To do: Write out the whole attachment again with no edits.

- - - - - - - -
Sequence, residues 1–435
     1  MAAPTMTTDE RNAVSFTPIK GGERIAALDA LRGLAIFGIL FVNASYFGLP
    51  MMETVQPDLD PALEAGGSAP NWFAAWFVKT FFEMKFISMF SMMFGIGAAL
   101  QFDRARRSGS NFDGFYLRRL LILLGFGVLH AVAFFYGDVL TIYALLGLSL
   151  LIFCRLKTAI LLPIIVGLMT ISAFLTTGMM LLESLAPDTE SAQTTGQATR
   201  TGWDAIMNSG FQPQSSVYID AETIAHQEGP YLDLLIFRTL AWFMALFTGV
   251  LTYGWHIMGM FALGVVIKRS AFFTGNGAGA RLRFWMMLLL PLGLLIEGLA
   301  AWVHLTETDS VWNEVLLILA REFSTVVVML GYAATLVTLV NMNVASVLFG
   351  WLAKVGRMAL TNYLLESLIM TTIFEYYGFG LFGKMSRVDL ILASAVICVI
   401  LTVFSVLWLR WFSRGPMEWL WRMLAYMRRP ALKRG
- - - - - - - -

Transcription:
Sequence, residues 1–435
     1  MAAPTMTTDE RNAVSFTPIK GGERIAALDA LRGLAIFGIL FVNASYFGLP
    51  MMETVQPDLD PALEAGGSAP NWFAAWFVKT FFEMKFISMF SMMFGIGAAL
   101  QFDRARRSGS NFDGFYLRRL LILLGFGVLH AVAFFYGDVL TIYALLGLSL
   151  LIFCRLKTAI LLPIIVGLMT ISAFLTTGMM LLESLAPDTE SAQTTGQATR
   201  TGWDAIMNSG FQPQSSVYID AETIAHQEGP YLDLLIFRTL AWFMALFTGV
   251  LTYGWHIMGM FALGVVIKRS AFFTGNGAGA RLRFWMMLLL PLGLLIEGLA
   301  AWVHLTETDS VWNEVLLILA REFSTVVVML GYAATLVTLV NMNVASVLFG
   351  WLAKVGRMAL TNYLLESLIM TTIFEYYGFG LFGKMSRVDL ILASAVICVI
   401  LTVFSVLWLR WFSRGPMEWL WRMLAYMRRP ALKRG